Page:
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Cable TV Firm Seeks Santa Monica Franchise : Century Southwest Under Fire in Other Cities Because of Customer Complaints

February 07, 1988|ROSANNE KEYNAN | Times Staff Writer

The City of Santa Monica is negotiating a franchise agreement with Century Southwest Cable Television, a firm that has come under fire in West Hollywood and other cities because of customer service complaints.

Century has been operating Santa Monica's cable system without a contract since September, 1986, when the firm's franchise was terminated. The city claimed breach of contract because it had not granted approval of transfer of stock to Century from the previous franchise holder, Group W, a subsidiary of Westinghouse Electric Corp.

Assistant City Manager Lynne C. Barrette, Santa Monica's chief cable negotiator, said she will present a lengthy report addressing all issues that will be part of the franchise agreement, including customer service, at a City Council meeting Feb. 23.

In 1986, when Westinghouse sold Group W--a nationwide cable operation--to a consortium of cable companies, Century took over operations in Santa Monica, Pacific Palisades, Beverly Hills, Westwood, West Los Angeles, Marina del Rey, West Hollywood and Eagle Rock.

In West Hollywood, irate cable subscribers called a public meeting on Jan. 26 to voice complaints about poor phone response, bad reception and billing problems. Customers have also complained that high-tech converter boxes to prevent signal theft are incompatible with "cable-ready" TV sets and video recorders.

"We are swamped with phone calls," said Ian Tanza, West Hollywood's cable television administrator.

"Century has yet to make good its promise to correct the phone situation," he said. "Subscribers still cannot get through. And we anxiously await Century's response to our written notification regarding its problems.

"Unless they resolve the phone situation in the next week, we're going to step up our action against them. I can't go into detail about that, but the City Council is extremely concerned about poor customer service."

William J. Rosendahl, Century's vice president, said last week that the phone problem is being remedied.

"Our phone systems are being reconfigured, with more incoming lines, more trunk lines in place and more personnel manning those lines," he said.

He said capacity was to be expanded from 17 to 30 trunk lines within two weeks.

He said that local-call lines from West Hollywood were being doubled, from six to 12, and that Century was training seven new people to answer the phones.

Beverly Hills renewed its franchise agreement with Century last year. According to Fred C. Cunningham, who administered cable affairs for the city during the time of the transfer, the city has been receiving numerous complaints about subscribers' inability to get through to Century by phone and the firm's slow response in making repairs.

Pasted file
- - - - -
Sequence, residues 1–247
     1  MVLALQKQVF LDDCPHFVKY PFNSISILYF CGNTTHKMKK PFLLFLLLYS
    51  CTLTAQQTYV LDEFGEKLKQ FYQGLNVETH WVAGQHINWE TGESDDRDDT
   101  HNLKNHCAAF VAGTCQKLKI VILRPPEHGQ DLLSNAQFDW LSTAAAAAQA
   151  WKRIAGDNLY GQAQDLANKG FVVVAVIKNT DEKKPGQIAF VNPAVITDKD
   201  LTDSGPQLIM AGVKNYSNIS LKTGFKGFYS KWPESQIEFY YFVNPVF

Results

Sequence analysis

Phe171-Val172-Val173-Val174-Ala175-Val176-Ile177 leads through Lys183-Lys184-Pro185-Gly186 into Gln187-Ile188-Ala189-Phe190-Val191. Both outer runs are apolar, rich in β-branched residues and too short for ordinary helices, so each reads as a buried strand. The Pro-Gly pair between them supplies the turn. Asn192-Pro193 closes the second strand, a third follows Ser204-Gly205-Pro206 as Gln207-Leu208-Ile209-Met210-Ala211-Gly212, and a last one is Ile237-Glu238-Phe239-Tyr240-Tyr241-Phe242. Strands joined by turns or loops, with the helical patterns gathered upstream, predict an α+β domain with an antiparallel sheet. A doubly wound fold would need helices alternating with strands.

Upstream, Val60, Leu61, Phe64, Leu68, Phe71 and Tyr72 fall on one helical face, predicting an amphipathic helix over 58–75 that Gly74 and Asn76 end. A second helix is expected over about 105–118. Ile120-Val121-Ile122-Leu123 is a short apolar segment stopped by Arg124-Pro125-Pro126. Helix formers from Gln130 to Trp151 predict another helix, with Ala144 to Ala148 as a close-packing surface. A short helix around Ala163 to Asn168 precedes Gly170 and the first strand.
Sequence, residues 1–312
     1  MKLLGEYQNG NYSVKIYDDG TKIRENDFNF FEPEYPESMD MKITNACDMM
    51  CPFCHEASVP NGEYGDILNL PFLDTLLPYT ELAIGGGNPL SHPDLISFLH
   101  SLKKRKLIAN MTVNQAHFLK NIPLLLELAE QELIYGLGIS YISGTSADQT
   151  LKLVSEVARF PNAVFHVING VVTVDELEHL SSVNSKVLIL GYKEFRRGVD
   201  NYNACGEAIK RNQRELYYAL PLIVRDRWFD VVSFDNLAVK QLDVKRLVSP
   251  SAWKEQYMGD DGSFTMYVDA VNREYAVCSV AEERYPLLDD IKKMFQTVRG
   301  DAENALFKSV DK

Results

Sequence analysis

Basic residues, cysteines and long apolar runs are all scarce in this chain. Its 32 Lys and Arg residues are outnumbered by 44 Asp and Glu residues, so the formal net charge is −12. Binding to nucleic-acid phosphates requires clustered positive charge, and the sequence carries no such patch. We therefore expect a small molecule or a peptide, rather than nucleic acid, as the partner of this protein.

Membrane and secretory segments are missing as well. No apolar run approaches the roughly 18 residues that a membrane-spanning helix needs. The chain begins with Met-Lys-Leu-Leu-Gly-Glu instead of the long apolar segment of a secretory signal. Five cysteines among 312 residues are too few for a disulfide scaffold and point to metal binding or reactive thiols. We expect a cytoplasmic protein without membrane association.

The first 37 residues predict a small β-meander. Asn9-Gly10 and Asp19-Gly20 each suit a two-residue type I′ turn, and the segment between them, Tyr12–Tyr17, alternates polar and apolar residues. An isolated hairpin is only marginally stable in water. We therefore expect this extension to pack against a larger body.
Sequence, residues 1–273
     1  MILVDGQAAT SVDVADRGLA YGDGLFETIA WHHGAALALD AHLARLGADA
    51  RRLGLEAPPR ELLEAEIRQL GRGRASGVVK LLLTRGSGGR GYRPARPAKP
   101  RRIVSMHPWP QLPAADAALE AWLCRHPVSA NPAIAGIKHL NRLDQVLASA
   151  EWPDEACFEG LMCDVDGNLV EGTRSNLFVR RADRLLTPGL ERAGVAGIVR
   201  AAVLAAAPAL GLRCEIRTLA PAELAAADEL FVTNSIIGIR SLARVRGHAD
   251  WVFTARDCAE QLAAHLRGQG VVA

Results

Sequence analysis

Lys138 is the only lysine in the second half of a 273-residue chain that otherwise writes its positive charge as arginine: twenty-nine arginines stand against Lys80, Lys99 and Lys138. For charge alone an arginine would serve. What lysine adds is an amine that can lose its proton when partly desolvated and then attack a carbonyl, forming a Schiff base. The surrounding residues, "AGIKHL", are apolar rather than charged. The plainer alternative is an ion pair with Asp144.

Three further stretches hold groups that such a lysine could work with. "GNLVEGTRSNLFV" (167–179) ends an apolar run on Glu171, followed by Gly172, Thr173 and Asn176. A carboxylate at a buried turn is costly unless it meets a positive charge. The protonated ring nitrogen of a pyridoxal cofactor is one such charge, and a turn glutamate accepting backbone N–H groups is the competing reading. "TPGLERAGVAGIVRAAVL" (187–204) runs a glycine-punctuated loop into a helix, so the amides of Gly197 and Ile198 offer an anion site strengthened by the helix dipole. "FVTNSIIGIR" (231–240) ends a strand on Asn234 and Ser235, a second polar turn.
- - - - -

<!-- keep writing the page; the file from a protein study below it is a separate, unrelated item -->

"What we've been doing," he said, "is calling Century ourselves and having them call the customers back."

Cunningham said that during November and December of last year, 134 complaint calls were received by the Beverly Hills City Hall cable hot line. "Over the past two or three months, there have been a lot of outages, and people call in when their picture fails," he said.

Century has "to improve dramatically," Cunningham said, "and that's what we're working on. They've got standards they've got to meet." For example, the city requires that the firm answer phone calls within two minutes during peak viewing time.

"We're working closely with Century on customer service," he said. "They advised me that they've added nine more people on the phone."

Cunningham said the antiquated Beverly Hills cable system is being upgraded by Century under a requirement of the franchise agreement.

An old cable system also has proved problematic in parts of Los Angeles, according to Susan Herman, general manager of the city's Department of Telecommunication. The department administers the franchises of 12 cable companies, including Century.

"Our problems are about poor reception and intermittent outages from a decrepit system about to be rebuilt," Herman said.

"Century is the No. 1 company in terms of complaints," she said. In December, 1987, she said, Century accounted for 45% of complaint calls concerning all 12 cable companies administered by her department.

Most complaints are about poor signal quality, she said, and complaints about lack of phone response were eased when the firm installed a new phone system at one of its offices.

"I think (Century) has a way to go yet. They obviously are not our best company," Herman said, "but they are aware and attempting to address the problem."

In Marina del Rey, Century recently installed the same kind of converter boxes that sparked complaints in West Hollywood and, according to Rosendahl, "didn't receive a single complaint call."

"We've had no complaints from marina residents," said Jim Thornton, who serves as the franchise officer for Los Angeles County, which administers cable service for Marina del Rey.

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